Most of your tracks are nonvocal. Have you ever done anything with a lot of vocals?

I try not to take too long of  a vocal sample for a song unless its for remix/mashup purposes mainly for copyright infringement.  I have never put the time into writing lyrics much nor do know of any vocal talent to come sing over tracks, but I do have the equipment to do so.

Who, in your opinion, is the best DJ in Indianapolis right now? (And yes, you can say yourself if you like!)

Things change pretty often, but Top Speed is a great turntables who has years of experience.

Let’s say that I want to become a DJ. Where do I start?

Things have changed pretty drastically since I first started.  Now I would get acquainted to mixing via computer software.  Observing other DJs definitely helps out when you are learning.

Is it hard getting gigs as a DJ?

Things start coming along after you start meeting people.  Its always a good practice to have mix CD’s to give away.  Sometimes positive word of mouth can get you places too.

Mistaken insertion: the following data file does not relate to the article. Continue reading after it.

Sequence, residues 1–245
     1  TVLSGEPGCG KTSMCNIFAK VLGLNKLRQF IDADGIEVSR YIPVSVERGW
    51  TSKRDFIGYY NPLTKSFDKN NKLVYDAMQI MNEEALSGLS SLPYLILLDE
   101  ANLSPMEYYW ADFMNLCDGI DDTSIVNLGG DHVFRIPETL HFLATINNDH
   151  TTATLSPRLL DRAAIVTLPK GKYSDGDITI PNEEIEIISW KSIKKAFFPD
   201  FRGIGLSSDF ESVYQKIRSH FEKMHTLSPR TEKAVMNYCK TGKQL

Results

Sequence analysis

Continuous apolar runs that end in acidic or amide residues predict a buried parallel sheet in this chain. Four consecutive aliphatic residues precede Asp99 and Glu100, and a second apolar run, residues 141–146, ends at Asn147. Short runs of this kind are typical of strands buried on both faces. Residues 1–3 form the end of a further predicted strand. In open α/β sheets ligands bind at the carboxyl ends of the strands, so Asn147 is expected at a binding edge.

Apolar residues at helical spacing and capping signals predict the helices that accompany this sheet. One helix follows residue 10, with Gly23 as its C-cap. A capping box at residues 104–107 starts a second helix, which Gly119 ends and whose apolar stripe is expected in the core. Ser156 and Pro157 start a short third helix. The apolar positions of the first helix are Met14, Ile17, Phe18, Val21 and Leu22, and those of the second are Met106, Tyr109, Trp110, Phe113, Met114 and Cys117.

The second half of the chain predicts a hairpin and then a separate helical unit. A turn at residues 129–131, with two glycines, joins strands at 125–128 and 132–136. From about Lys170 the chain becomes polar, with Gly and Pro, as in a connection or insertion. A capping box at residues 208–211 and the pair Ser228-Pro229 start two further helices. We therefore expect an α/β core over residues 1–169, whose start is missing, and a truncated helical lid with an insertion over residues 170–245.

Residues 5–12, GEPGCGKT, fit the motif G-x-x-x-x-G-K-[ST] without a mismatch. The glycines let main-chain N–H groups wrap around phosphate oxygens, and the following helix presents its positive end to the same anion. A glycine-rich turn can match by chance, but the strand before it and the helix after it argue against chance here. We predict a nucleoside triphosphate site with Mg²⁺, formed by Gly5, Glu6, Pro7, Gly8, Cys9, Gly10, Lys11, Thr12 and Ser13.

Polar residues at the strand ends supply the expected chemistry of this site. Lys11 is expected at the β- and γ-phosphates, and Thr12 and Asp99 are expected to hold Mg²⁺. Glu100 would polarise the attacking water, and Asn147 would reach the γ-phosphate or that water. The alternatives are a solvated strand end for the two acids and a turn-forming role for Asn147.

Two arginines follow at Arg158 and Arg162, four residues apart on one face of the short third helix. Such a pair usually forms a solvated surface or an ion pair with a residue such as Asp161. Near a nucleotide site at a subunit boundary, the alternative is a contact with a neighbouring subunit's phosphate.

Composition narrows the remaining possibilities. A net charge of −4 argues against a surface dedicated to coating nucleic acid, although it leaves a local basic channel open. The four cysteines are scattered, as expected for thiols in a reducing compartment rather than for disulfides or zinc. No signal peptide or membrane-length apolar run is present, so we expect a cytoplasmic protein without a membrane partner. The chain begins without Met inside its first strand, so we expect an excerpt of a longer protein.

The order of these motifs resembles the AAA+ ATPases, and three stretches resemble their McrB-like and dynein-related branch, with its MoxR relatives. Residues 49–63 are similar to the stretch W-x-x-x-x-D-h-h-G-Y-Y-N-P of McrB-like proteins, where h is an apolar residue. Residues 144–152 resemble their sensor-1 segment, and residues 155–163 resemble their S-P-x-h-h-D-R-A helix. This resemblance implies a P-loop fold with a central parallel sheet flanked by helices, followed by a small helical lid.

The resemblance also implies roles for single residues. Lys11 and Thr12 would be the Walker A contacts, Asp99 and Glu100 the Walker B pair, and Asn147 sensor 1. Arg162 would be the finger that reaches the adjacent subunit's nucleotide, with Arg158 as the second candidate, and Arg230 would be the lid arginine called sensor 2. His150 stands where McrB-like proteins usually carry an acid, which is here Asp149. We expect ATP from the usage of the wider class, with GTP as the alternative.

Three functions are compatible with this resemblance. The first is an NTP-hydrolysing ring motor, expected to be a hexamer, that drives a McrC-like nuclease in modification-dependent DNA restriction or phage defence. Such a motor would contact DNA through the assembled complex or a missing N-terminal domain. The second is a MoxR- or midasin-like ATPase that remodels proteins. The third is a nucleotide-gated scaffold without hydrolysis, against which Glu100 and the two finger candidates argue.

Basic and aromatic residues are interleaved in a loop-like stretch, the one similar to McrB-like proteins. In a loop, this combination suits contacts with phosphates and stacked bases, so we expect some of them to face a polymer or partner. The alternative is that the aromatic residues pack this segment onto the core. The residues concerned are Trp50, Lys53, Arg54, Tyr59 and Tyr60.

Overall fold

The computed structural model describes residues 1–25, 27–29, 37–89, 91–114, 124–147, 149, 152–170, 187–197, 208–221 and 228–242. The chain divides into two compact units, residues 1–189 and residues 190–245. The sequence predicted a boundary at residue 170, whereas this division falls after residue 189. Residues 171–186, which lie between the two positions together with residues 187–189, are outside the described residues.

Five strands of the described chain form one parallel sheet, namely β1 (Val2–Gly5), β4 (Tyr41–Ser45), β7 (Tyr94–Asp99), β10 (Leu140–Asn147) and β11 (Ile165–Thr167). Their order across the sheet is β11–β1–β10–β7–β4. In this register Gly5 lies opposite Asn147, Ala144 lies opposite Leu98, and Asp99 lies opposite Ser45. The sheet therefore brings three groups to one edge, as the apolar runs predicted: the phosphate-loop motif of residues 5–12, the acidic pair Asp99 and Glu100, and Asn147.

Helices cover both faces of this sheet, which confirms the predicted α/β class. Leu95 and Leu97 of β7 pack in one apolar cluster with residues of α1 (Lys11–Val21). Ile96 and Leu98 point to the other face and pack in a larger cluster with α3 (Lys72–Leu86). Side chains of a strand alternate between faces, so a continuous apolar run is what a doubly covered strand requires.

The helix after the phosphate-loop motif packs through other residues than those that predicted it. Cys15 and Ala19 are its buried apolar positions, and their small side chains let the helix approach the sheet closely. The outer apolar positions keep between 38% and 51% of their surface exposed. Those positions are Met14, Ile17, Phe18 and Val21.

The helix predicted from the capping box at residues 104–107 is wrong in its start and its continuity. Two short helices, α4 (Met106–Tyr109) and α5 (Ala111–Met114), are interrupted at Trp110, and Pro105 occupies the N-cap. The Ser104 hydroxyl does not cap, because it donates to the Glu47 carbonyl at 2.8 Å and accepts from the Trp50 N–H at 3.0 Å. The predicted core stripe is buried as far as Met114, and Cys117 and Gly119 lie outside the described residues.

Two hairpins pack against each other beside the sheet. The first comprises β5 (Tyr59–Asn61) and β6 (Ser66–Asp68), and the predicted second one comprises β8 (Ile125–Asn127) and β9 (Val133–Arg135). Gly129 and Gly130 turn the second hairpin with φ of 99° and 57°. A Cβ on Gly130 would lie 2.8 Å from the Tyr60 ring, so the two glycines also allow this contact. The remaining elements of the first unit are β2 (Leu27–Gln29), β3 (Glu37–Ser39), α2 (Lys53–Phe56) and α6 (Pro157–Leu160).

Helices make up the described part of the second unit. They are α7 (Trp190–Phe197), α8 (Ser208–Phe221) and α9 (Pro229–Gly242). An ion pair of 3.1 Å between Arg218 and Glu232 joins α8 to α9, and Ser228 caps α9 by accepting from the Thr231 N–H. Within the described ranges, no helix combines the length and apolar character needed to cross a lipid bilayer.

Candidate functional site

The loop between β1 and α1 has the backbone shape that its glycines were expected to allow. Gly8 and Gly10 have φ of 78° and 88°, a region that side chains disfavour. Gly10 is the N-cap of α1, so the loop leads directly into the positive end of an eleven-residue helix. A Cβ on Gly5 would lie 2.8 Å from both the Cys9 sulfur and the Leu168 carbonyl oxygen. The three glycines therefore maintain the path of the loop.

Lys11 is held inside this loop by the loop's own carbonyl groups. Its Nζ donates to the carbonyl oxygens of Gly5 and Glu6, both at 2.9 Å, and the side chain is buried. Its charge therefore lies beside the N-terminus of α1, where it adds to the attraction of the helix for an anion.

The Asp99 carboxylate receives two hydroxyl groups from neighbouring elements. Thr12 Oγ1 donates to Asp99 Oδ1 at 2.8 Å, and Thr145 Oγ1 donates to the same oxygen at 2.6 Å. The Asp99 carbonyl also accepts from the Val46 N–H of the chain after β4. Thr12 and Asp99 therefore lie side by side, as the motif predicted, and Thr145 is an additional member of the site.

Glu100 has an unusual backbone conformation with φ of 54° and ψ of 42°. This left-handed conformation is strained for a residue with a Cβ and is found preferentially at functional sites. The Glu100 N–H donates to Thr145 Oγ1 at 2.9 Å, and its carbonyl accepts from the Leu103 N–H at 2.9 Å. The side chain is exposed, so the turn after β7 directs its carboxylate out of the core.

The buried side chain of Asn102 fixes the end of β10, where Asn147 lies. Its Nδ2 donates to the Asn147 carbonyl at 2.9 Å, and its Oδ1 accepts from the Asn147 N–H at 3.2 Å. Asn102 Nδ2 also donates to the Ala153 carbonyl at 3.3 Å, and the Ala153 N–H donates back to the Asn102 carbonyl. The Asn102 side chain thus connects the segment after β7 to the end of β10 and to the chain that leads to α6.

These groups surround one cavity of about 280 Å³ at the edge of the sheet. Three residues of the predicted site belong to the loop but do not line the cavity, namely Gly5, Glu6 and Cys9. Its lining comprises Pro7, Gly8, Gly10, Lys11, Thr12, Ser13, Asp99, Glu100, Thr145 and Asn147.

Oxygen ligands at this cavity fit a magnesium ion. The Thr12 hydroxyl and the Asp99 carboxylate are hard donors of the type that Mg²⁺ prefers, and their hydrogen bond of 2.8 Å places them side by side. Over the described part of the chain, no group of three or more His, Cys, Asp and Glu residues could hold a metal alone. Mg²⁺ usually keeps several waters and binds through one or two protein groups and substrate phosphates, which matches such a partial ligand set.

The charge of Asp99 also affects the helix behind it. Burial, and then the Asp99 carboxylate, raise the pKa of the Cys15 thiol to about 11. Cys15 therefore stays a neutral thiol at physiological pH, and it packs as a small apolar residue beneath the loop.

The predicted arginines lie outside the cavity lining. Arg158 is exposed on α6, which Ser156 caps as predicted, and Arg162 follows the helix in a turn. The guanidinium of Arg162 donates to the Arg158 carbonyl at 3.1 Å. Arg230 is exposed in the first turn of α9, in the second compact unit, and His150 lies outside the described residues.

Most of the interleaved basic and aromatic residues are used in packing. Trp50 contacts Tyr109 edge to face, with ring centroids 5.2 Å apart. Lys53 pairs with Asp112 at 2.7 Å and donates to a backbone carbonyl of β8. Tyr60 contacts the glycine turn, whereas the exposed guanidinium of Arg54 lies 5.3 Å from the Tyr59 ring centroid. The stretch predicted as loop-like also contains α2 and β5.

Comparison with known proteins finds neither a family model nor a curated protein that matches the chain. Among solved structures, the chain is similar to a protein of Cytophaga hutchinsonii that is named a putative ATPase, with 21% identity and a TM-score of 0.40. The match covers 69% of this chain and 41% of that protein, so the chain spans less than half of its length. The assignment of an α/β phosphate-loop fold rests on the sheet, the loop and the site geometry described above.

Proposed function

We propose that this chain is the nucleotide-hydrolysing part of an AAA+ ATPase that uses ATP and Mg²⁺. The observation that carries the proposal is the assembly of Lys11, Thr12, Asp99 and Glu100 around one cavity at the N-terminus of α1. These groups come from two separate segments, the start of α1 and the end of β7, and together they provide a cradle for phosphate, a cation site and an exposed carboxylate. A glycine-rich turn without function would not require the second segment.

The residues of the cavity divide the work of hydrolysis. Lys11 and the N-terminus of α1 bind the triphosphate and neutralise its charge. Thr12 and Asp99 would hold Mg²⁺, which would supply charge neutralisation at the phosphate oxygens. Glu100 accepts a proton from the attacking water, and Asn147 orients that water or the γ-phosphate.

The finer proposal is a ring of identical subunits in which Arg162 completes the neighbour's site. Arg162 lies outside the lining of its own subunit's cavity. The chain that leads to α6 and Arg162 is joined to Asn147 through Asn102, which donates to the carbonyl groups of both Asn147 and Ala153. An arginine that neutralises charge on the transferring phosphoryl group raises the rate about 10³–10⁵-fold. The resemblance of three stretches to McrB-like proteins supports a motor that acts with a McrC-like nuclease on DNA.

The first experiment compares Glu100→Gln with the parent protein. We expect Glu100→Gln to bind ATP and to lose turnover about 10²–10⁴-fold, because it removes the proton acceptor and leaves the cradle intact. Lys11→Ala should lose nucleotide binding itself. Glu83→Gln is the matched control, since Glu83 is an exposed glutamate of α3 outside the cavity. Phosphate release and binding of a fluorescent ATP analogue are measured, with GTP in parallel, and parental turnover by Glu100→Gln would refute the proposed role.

Do you ever get lonely up there on stage?

There have been times were a DJ booth isolates you from people coming up to say hello.  But for the most part I’m pretty entertained for the while.

A lot of people call dance music boring. They say it is too repetitive. How do you react to that?

Everyone is entitled to their own opinion of electronic dance music.  Repetition is a fundamental part of music composition.  Some people are turned off by sequenced drum beats and robotic arpeggios and I can understand how they would feel that way.  Some tracks by themselves, especially Techno, aren’t to deep and don’t have that much substance.  But for the two to three minutes that they are played within a DJ set exact the artist’s intention and solidify the track’s place within electronic music.

How often do you practice this stuff?

I play for a couple hours every couple days.  Many times when I buy new music I’ll practice a little longer.  Its a great stress reliever and it takes my attention off of pressing matters which is a nice escape.